Yes agree with John, I fail to see how our current public health system is not universal health by another name. Currently all South Africans and foreiners have access to our public health system. The problem is that the quality of system has effectively being demolished over the last 10 years. Infrastucture is falling apart, there is a 50% shortage in staff across all levels and money is being stolen and mispent accross the system. i fully support quality health care for all South African especially the poor. I also personally would like to pay less for Private health care, but not at the expense of the current quality of that care. If public heath was fixed and offered qulaity health care to all citerzens this would be the easiest way to pressurize private medical aids as people would migrate by choice. No legislation required. The state simple has no track record anywhere it can possibly run NHI on its own in the format it has proposed.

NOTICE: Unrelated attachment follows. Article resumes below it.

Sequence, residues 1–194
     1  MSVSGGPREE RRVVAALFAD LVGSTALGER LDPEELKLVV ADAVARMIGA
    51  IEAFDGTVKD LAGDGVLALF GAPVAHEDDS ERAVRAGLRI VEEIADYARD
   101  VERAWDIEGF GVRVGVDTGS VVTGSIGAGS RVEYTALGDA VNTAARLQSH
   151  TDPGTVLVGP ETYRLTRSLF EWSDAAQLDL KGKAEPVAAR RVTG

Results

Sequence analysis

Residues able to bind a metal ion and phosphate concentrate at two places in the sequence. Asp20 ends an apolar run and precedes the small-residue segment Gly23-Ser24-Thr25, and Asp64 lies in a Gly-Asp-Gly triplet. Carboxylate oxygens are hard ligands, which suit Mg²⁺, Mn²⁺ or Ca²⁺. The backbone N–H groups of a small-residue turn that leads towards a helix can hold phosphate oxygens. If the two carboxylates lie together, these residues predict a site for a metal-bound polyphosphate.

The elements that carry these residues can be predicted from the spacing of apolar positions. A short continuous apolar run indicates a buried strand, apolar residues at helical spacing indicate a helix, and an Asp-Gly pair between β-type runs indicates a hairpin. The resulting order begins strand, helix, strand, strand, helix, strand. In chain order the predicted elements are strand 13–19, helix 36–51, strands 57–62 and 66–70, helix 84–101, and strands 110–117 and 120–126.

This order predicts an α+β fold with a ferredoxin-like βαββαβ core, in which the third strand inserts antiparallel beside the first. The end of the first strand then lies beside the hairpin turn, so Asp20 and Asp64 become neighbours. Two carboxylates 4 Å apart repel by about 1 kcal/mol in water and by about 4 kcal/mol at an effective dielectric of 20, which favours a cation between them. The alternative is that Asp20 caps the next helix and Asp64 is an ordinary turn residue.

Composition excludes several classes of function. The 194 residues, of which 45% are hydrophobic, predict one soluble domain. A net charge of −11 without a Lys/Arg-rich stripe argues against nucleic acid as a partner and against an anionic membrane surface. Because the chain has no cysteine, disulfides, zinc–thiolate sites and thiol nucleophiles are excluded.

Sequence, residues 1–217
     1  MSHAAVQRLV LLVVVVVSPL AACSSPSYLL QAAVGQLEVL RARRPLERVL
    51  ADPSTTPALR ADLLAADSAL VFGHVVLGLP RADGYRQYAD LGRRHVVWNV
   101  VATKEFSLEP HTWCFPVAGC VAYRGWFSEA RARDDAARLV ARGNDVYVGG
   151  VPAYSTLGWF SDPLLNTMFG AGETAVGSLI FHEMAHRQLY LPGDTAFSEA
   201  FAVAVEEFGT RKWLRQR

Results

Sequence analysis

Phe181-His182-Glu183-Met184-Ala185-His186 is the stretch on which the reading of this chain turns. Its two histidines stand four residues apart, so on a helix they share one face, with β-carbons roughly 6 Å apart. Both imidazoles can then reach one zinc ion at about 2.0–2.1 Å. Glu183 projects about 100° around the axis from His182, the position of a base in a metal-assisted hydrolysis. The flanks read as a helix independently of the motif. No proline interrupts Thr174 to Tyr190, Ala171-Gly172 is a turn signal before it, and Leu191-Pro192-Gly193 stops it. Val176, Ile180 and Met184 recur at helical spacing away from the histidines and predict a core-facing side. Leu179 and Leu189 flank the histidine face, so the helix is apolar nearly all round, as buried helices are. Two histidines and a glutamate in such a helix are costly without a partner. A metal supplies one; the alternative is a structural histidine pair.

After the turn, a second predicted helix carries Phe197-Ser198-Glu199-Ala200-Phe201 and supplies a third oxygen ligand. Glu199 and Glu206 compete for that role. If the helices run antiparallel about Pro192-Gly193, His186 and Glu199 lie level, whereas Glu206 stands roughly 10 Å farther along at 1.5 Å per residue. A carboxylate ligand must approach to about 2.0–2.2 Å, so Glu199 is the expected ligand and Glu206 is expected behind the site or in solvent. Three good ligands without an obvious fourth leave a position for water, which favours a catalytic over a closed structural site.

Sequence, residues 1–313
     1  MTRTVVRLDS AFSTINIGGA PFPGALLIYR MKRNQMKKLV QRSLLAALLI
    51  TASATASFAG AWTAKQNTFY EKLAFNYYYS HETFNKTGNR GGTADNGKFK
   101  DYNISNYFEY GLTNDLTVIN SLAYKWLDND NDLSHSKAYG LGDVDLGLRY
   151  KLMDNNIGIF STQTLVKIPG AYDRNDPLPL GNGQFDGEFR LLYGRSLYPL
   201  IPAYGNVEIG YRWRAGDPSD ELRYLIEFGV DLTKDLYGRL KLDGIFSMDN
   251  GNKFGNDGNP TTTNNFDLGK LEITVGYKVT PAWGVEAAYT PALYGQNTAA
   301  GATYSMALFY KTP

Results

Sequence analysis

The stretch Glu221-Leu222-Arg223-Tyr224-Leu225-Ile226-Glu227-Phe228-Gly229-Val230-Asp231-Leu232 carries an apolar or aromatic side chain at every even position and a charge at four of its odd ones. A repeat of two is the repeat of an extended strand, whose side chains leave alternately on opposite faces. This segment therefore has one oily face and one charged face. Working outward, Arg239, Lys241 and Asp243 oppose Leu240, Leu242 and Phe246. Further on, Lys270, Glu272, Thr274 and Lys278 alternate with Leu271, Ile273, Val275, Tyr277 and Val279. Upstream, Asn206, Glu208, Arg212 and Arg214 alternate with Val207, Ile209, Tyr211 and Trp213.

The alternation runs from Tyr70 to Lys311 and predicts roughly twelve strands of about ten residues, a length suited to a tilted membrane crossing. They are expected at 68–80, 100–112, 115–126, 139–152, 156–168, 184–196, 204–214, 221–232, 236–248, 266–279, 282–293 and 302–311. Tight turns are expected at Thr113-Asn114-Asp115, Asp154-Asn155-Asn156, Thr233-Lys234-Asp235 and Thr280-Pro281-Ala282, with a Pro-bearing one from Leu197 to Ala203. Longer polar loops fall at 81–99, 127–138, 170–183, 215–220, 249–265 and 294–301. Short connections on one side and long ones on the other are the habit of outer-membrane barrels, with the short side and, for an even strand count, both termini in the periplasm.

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Added by LEON, 12 Jul 2018
John you are CORRECT - and in some areas this works very well

The STATE HEATH experience we have in our town is fantastic - and even better than some medical funds - as the optical benefit from the STATE facility is much better than most funds can provide


It is a matter of PROPPER PROFESIONAL management of the available recourse that would fix this in RSA and a counter check on wastage done by Treasury.
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Added by John, 12 Jul 2018
I thought all South Africans already had access to health care?
All these debates always fail to mention the fact that universal healthcare is already available to all, via the public healthcare system.
The fact that it doesnt work very well has nothing to do with funding and everything to do with maladministration.